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Hope it Ends Better than the Book

Daniel Keyes; classic science fiction story (and later novel) Flowers for Algernon tells of a mentally disabled man who is suddenly made a great genius via a surgical procedure. Before the procedure is performed on him, it is proved on a mouse -- named Algernon.

And now we have this:

In a case of life imitating art, researchers at the Massachusetts Institute of Technology (M.I.T.) reported today that they had successfully reversed mental retardation in mice... Now M.I.T. scientists report in Proceedings of the National Academy of the Sciences USA that they ameliorated brain damage in mice caused by a genetic disorder known as fragile X syndrome by blocking an enzyme involved in cellular development.

Fragile X affects one in 4,000 boys and one in 6,000 girls. It is caused by a mutation in the fragile x mental retardation 1 gene (FMR1)—located on the X sex chromosome— that results in the loss of the fragile x mental retardation protein (FMRP). The resulting illness is characterized by hyperactivity, attention deficit, repetitive behavior, anxiety and cognitive difficulties ranging from learning disability to mental retardation.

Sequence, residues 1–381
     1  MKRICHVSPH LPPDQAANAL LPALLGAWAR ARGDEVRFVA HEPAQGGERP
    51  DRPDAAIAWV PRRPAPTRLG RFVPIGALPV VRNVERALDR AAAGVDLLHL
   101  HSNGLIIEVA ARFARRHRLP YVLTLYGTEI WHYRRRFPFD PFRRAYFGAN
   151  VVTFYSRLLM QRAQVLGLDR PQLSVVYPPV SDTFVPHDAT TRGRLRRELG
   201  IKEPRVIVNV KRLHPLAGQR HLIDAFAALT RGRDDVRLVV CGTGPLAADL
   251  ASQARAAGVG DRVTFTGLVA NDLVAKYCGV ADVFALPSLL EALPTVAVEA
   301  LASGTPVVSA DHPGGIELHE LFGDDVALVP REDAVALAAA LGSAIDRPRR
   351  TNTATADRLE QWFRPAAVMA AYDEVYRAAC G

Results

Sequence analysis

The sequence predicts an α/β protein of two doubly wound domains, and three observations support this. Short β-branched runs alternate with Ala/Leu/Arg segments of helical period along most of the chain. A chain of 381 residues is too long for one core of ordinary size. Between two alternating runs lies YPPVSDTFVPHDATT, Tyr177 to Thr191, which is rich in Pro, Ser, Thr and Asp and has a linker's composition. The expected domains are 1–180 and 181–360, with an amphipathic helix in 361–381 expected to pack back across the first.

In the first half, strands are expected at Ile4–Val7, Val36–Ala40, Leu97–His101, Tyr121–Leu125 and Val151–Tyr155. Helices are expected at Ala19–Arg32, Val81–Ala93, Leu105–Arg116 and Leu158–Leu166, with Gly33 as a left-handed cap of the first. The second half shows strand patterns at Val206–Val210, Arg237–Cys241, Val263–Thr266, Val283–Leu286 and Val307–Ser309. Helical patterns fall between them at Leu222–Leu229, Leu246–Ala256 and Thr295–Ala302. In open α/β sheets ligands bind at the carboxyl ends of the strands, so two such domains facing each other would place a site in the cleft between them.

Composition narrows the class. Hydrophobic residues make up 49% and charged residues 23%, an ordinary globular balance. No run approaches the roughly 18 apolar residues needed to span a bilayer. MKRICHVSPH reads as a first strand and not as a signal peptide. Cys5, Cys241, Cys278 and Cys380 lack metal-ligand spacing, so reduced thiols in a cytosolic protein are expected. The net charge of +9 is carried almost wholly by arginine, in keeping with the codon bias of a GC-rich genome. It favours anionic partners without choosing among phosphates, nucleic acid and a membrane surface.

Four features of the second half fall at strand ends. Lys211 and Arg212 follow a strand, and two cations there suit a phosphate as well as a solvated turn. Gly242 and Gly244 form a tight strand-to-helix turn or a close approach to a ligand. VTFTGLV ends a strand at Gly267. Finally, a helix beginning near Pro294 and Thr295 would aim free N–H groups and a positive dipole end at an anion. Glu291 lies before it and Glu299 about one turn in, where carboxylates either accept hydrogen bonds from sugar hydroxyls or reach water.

When studying the formation of dendrites for a 2004 paper, Mansuo Hayashi, a research affiliate in M.I.T.'s Picower Institute for Learning and Memory, discovered that these structures could be strengthened and altered to transmit information more efficiently by inhibiting nerve cell production of the enzyme called p21-activated kinase (PAK). PAK regulates actin, another protein, which shapes parts of the cell (including the dendrites). When PAK is inhibited, more actin is manufactured and the dendrites are able to properly mature.

What made Keyes' story a tragedy is the eventual reversal of the condition of both the man and the mouse subected to intelligence-enhacing procedure. While it's not clear what applicability this current research will have for human beings -- although it is bound to have some -- there wouldn't appear to be much risk that gene therapy will suddenly reverse itself.

So we'll stay tuned.

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